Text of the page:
By Jonathan Kleppinger
3:01 PM EST, February 20, 2013
Steve and Andrea Kohlman are magicians.
Look in their garage now and you’ll see old dressers, chairs and signs as neatly kept as they can be in a two-car space. But they will soon transform that used furniture into food in the bellies of Haitian children — just as they have been doing for the past year.
Andrea began making regular trips to Haiti in November 2009 to work with the Christian mission Waves of Mercy. The ministry feeds 165 children daily and houses street boys, but Andrea has done a lot of work with medicine; she graduated from the University of Kentucky with her nursing bachelor’s degree in December 2012.
Waves of Mercy founders Larry and Diana Owen started the mission a few years ago after three decades running Northwest Haiti Christian Mission. Andrea said she was moved to find additional ways to support the mission when she came home a year ago and several of the project’s main donors had passed away.
“The thought of coming home back to normal life and then realizing some of those babies might not be able to be fed was just too much for me to handle, so I told Steve, ‘We’ve got to do something,’” she said.
Steve said he has always had hobbies of art and interior design and jumped at the idea of using it for ministry and giving the proceeds away.
“I enjoy doing this stuff anyway — that’s why it’s great for me to give 100 percent of it away, because I love to redo stuff and find stuff,” he said. “It’s even more rewarding to know that whatever is purchased is going to help people.”
The Kohlmans began looking everywhere for unique used furniture of all kinds — garage sales, estate sales, Goodwills, flea markets, Craigslist — “any and every way imaginable” to find affordable pieces, Steve said.
They named their ministry Repurposed Soul, utilizing a common term in furniture restoration but adding a Christian meaning specific to Waves of Mercy.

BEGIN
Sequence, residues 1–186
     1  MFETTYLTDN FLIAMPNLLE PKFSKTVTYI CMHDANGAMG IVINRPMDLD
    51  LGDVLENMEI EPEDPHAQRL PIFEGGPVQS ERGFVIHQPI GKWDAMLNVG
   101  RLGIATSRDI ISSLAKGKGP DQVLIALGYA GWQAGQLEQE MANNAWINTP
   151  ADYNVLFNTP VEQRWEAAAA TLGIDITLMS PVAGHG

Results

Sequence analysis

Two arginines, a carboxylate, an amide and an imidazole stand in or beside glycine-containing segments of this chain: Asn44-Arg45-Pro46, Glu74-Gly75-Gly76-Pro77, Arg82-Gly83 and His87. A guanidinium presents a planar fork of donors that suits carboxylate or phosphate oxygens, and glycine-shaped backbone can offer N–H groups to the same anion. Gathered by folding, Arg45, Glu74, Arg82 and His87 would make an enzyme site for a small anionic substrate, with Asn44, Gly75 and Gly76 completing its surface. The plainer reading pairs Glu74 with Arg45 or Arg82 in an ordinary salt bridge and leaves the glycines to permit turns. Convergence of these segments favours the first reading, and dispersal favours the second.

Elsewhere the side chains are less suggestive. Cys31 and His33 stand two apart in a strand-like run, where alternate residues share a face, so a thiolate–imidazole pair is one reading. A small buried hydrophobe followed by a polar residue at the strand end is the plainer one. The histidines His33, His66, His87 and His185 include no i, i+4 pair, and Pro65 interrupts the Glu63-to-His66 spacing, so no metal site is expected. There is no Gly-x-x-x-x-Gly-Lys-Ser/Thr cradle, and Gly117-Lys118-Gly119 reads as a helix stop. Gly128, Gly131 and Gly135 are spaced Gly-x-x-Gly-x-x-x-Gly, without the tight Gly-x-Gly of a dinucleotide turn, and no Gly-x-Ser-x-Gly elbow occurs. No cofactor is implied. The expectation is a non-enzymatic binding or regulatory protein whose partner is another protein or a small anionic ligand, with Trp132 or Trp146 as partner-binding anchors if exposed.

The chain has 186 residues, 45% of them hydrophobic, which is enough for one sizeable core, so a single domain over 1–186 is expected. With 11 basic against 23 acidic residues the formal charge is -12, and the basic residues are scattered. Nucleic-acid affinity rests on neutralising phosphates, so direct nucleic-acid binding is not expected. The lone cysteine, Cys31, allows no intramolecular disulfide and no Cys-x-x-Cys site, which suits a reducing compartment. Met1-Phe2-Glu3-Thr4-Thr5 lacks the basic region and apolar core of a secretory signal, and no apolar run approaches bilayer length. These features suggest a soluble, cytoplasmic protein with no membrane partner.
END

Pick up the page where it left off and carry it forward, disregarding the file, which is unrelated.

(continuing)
“In a lot of ways, because of what the mission is doing, they’re providing somebody that may be lost and doesn’t know God an opportunity to be made new, to be created again,” Steve said. “It’s repurposing a life in the same way.”
As the Kohlmans worked and got the word out, people started to buy the furniture; Repurposed Soul raised $7,300 for Waves of Mercy last year.
“I think people get excited that they can get a unique piece of furniture, knowing that the money they spend on it is going to help folks — all of it,” Steve said. “I think that has helped us, and I think some people prefer to look and see what we have first before they go to the store and purchase it.”
The Kohlmans’ garage is packed and arranged right now for their spring sale March 1-3, when they invite the community to buy all manner of items right from their driveway and learn more about Waves of Mercy.
The spring sale is open 6-8 p.m. Friday, March 1; 9 a.m. to 5 p.m. Saturday, March 2; and 1-5 p.m. Sunday, March 3. It features furniture as well as decorative items donated from Lancaster Home and Holiday in Nicholasville, which also donated to Repurposed Soul’s Christmas sale.
The Kohlmans also advertise items on their Repurposed Soul Facebook page and their blog at repurposedsoul.tumblr.com. They said they are always looking for donations.
In all the details of sales, paints, tables and crowded garages, the point of Repurposed Soul is not lost for the Kohlmans.
“We repurpose furniture, but we do it all for Jesus, really, with that in mind,” Andrea said.